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Social Media Users Beware - Your Posts May be Discoverable in Court

Many social media users are well aware of the perils of oversharing on the internet. Employers and college recruiters scour Facebook and Twitter for potentially compromising information about job applicants. Now an additional deterrent may cause people to think twice before posting disparaging comments or inappropriate photos on their pages: the information may be discoverable in court. Last November, a judge in the 17th Judicial Circuit in and for Broward County entered an order in a medical negligence case granting the defendants access to information Plaintiff posted on social networking sites.

In 2007, Shelly Beswick (“Beswick”) filed a complaint against Northwest Medical Center, Inc. (“Northwest”), alleging that medical negligence. Northwest sent Beswick sets of interrogatories requesting the username and password for any and all of her social media accounts. Beswick objected to the interrogatories on the grounds that they were overbroad, burdensome , not reasonably related to the discovery of admissible evidence, and violative of her privacy rights. The defendants subsequently sought an order compelling the plaintiff to respond to the interrogatory and to execute an authorization to obtain social media information.

Noting that Beswick did not provide any case law supporting her position that allowing access to her Facebook account violated her privacy rights, the Court found her argument lacked merit. The Court opined that the primary purpose of Facebook was to share information that may be copied and disseminated by other people, and that the expectation of privacy was therefore meaningless. In addition, the Court concluded that the information Northwest sought to obtain on Beswick’s Facebook page was relevant and reasonably calculated to lead to admissible evidence. Finally, the Court found that the discovery requests were not overbroad or burdensome.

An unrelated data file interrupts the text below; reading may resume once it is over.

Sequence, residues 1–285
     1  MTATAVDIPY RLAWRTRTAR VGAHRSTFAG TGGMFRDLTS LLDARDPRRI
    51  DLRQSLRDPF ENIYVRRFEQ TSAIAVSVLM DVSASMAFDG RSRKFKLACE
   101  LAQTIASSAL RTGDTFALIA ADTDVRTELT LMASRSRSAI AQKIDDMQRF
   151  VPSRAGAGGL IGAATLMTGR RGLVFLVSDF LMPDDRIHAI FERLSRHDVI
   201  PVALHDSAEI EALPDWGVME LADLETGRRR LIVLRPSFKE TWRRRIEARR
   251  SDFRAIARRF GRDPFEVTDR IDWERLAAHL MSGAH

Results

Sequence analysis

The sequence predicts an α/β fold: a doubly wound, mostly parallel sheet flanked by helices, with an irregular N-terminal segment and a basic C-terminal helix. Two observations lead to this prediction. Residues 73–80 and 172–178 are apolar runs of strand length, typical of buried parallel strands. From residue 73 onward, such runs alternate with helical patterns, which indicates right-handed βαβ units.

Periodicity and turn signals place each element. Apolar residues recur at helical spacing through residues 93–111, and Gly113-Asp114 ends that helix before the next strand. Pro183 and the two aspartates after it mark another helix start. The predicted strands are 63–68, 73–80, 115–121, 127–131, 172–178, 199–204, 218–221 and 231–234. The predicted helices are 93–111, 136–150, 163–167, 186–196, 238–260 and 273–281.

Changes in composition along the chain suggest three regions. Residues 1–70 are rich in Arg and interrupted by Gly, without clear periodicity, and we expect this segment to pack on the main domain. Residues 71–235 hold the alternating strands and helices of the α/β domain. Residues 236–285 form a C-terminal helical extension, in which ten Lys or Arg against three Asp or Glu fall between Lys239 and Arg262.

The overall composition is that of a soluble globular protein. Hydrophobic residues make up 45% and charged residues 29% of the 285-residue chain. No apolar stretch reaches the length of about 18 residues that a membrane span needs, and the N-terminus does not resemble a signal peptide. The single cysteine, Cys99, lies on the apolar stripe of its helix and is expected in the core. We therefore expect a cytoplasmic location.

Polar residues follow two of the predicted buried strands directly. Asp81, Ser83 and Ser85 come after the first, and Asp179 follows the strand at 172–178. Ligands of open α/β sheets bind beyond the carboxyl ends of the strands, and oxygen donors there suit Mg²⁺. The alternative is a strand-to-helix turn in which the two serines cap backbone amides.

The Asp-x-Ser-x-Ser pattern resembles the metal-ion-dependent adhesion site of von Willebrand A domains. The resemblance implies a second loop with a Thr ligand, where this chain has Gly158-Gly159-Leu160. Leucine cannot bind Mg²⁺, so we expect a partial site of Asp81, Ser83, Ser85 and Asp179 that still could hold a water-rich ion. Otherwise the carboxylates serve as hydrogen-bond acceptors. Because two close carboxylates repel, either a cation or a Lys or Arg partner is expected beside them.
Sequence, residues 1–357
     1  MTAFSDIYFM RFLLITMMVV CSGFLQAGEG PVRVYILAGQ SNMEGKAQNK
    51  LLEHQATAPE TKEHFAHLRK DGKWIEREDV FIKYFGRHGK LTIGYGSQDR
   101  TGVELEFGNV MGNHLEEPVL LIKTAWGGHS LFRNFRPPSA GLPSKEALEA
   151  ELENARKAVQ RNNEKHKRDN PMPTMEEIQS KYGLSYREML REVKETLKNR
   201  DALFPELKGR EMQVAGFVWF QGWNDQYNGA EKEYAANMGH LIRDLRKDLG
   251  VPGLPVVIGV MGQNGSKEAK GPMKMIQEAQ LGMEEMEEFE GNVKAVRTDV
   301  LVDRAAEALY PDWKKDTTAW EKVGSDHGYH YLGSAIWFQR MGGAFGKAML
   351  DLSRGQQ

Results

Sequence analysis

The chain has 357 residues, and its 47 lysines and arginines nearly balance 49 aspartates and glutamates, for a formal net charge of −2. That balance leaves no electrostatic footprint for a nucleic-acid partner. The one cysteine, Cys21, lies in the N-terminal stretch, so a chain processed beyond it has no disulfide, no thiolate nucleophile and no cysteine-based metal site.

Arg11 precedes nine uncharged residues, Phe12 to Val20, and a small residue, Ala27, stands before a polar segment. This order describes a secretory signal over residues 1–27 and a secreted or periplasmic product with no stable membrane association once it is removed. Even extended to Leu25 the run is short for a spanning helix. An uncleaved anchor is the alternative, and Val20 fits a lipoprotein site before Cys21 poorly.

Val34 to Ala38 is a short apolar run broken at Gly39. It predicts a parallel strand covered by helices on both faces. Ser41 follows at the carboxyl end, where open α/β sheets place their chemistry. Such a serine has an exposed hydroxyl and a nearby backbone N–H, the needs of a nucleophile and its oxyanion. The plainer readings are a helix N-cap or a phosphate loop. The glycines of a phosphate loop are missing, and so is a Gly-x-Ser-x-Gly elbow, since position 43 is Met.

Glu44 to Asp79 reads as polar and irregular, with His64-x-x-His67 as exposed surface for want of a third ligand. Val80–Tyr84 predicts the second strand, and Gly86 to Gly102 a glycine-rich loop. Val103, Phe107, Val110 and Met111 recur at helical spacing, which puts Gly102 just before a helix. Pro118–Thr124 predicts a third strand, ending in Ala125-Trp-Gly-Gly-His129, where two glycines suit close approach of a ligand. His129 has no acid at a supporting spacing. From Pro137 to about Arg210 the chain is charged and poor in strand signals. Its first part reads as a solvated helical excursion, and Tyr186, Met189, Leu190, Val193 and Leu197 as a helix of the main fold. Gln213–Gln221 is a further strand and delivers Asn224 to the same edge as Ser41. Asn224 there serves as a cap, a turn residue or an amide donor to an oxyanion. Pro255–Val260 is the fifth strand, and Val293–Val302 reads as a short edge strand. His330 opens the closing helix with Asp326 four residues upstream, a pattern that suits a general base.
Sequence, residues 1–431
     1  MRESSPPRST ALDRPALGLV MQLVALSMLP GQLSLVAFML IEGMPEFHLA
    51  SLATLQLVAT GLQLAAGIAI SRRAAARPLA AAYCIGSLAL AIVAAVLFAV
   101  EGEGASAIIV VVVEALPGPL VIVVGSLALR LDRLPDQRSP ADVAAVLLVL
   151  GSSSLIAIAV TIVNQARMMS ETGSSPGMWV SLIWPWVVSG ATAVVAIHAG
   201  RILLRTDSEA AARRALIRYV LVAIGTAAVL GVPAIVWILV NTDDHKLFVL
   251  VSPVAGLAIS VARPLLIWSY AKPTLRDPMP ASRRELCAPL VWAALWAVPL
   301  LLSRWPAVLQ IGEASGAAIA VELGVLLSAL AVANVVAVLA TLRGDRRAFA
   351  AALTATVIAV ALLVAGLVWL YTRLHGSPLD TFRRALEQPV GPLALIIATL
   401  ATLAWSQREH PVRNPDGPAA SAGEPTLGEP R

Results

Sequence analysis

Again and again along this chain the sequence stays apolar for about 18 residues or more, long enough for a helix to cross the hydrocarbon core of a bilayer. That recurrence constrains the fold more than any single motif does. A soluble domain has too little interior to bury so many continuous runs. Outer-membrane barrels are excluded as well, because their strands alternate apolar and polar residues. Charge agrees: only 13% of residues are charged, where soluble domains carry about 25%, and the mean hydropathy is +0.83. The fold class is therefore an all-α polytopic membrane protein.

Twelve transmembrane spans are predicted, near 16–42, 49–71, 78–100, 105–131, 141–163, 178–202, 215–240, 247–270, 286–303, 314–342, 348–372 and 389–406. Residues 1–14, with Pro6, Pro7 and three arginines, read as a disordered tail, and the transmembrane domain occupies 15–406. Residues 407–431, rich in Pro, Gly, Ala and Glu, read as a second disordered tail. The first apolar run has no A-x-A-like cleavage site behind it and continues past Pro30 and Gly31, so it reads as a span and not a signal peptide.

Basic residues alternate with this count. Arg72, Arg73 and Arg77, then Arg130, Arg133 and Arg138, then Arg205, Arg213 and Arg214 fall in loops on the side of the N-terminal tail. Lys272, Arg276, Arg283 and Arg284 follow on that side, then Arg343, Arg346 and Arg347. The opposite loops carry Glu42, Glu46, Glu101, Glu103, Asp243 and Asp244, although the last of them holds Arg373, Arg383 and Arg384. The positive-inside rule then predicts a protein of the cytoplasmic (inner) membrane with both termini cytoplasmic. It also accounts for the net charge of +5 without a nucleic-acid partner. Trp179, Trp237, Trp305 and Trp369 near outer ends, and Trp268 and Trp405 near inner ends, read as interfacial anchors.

In coming to the conclusion that access to social media sites does not violate privacy rights, the Court cited decisions from other states. Although the issue has not been heavily litigated in Florida, the notable trend in courts across the country is that litigants cannot bar access to information they disseminate on social media websites.

Categories: Litigation
Tags: Daniel L. AbbottJamie A. ColeEdward G. GuedesMichael S. PopokJoseph H. SerotaDiscoveryEvidenceFort Lauderdale Business Litigation AttorneysFort Lauderdale Business Litigation LawyersMiami Commercial Litigation AttorneyMiami Commercial Litigation LawyerSouth Florida Commercial Litigation AttorneySouth Florida Commercial Litigation LawyerMatthew H. MandelFort Lauderdale LitigatorsMiami LitigatorsFort Lauderdale Constitutional Law AttorneysMiami Constitutional Law AttorneysSouth Florida Constitutional Law AttorneysFlorida Litigation AttorneysFort Lauderdale Civil Litigation AttorneysFort Lauderdale Commercial Litigation AttorneysFort Lauderdale Commercial Litigation AttorneysMiami Commercial Litigation AttorneyMiami Litigation AttorneyNegligence
Author(s): Brooke P. Dolara